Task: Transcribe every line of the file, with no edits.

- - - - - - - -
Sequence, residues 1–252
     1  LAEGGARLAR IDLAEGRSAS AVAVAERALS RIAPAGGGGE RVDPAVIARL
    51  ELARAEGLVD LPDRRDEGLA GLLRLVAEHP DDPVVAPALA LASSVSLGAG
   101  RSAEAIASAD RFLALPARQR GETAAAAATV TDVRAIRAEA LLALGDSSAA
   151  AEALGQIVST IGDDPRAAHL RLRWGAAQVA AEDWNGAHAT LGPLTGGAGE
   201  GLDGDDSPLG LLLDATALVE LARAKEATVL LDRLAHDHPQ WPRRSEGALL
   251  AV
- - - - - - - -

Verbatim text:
Sequence, residues 1–252
     1  LAEGGARLAR IDLAEGRSAS AVAVAERALS RIAPAGGGGE RVDPAVIARL
    51  ELARAEGLVD LPDRRDEGLA GLLRLVAEHP DDPVVAPALA LASSVSLGAG
   101  RSAEAIASAD RFLALPARQR GETAAAAATV TDVRAIRAEA LLALGDSSAA
   151  AEALGQIVST IGDDPRAAHL RLRWGAAQVA AEDWNGAHAT LGPLTGGAGE
   201  GLDGDDSPLG LLLDATALVE LARAKEATVL LDRLAHDHPQ WPRRSEGALL
   251  AV